Physicians throughout Florida have commented negatively on this proposed legislation which would require their offices to post pricing in their offices. Many are saying that the law would not only be intrusive but also pointless for patients. The need for pricing transparency in healthcare is evident however, and this could be a step in the right direction for patients, but it is not the cure-all answer. Our in-house legal council, Jeff Greenberg, comments on the proposed legislation:
Proposed legislation in Florida may require doctors and other providers to post signs in their waiting rooms showing the prices to be charged a person paying with his or her own funds, i.e., without insurance. Charges for those with insurance depend on the applicable policy and would not have to be posted. However, with the immense amount of uninsured Americans rising steadily and the prevalence of patients with the popular 80-20 plans, these cash-pay pricing structures will prove to be a necessity for much of the patient population.
This new legislation would require urgent care centers, surgery centers and imaging centers to show prices for their most common procedures. Additionally, two separate bills on the issue would require price sheets to be given to every patient. Voluntary disclosures have not worked, but most industry lobbyists do not appear to think these bills will help patients either, and may just end up adding costs to medical providers for the signs.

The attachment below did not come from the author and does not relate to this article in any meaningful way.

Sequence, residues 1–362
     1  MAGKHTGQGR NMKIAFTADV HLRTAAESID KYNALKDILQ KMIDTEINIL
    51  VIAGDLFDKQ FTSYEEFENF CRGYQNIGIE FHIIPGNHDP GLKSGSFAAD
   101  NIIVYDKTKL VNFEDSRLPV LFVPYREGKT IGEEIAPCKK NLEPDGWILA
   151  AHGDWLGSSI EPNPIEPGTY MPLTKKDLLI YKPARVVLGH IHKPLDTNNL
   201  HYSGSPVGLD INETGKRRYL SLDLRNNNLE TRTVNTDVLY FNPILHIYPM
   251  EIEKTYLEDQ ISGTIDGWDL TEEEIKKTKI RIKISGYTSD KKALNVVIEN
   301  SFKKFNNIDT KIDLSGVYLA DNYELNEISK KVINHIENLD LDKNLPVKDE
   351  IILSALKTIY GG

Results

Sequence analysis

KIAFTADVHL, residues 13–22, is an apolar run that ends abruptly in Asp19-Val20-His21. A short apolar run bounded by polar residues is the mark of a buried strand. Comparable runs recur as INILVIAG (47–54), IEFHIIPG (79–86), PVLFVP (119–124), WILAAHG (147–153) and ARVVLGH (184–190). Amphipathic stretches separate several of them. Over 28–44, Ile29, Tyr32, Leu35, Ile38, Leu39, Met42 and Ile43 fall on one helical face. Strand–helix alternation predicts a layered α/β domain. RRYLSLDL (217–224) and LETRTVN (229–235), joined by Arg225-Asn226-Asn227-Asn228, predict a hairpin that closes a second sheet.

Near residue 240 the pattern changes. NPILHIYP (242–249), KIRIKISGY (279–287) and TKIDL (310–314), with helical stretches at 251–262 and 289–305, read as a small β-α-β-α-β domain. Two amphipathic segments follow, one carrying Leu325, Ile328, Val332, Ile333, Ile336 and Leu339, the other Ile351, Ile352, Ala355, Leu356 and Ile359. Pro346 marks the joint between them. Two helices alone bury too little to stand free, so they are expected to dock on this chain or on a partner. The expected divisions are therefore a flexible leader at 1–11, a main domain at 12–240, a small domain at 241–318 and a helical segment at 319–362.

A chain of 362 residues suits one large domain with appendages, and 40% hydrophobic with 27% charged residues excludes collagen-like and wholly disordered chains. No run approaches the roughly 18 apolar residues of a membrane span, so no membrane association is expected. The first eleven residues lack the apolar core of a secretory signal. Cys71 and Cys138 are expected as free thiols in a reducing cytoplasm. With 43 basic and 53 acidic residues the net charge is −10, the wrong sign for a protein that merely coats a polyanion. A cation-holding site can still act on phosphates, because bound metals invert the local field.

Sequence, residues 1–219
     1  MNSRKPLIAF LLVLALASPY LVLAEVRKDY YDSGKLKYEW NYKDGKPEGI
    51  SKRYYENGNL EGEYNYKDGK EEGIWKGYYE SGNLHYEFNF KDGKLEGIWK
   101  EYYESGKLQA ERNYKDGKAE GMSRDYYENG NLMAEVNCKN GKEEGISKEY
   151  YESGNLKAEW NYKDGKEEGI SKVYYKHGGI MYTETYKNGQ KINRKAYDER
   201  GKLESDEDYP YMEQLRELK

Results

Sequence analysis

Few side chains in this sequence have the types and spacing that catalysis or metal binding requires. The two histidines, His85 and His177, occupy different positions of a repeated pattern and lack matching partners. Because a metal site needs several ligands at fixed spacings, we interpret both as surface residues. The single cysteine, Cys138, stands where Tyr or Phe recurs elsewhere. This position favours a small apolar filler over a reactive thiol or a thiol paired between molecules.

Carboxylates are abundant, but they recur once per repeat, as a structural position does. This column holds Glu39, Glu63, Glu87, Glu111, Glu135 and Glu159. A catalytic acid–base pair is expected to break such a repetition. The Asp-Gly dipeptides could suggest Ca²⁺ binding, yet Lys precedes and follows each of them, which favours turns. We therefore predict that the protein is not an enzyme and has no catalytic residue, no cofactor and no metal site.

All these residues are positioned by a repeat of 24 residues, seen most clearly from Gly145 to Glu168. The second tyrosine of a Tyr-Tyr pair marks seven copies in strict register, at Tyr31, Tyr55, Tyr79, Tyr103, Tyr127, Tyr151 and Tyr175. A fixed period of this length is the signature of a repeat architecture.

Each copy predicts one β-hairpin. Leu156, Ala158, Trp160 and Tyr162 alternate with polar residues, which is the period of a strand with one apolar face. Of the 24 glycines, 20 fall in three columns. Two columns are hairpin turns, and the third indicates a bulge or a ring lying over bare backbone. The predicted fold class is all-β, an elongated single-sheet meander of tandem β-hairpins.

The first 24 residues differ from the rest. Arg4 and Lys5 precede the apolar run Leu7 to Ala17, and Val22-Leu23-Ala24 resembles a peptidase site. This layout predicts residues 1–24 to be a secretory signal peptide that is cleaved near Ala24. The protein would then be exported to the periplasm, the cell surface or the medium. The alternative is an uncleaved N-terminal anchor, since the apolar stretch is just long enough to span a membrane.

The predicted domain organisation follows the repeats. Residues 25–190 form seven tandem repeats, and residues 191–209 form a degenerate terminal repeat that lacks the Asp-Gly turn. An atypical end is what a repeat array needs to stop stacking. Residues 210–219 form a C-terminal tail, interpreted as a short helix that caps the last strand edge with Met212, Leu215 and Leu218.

It seems that while conceptually the bills are aimed at helping patients make their decisions, it is still unclear whether or not it will really change much for them, unless they call in advance for the pricing. If the patient arrives at the office and sees the pricing, would they be willing to walk away because of the prices without knowing what other comparative facilities might charge for the same service? The pricing transparency is much needed, however the efforts will not be beneficial to patients without the ability to compare. Also, the prices listed may still not actually be ones that patients would ultimately pay, as they could just be part of a standard “fee schedule” which may not be reflective of an actual cash-pay price that would be acceptable to a provider. Cash-pay patients are able to negotiate better rates for services though through online scheduling services like Save On Medical or by direct communication with the provider.
Whether the legislation will become law is unknown at this time, but whether it does or not, the level of impact it will have will be null without further efforts of patients and providers alike.
Greenberg Hirshfeld PL
Atlantic Health Management Solutions, LLC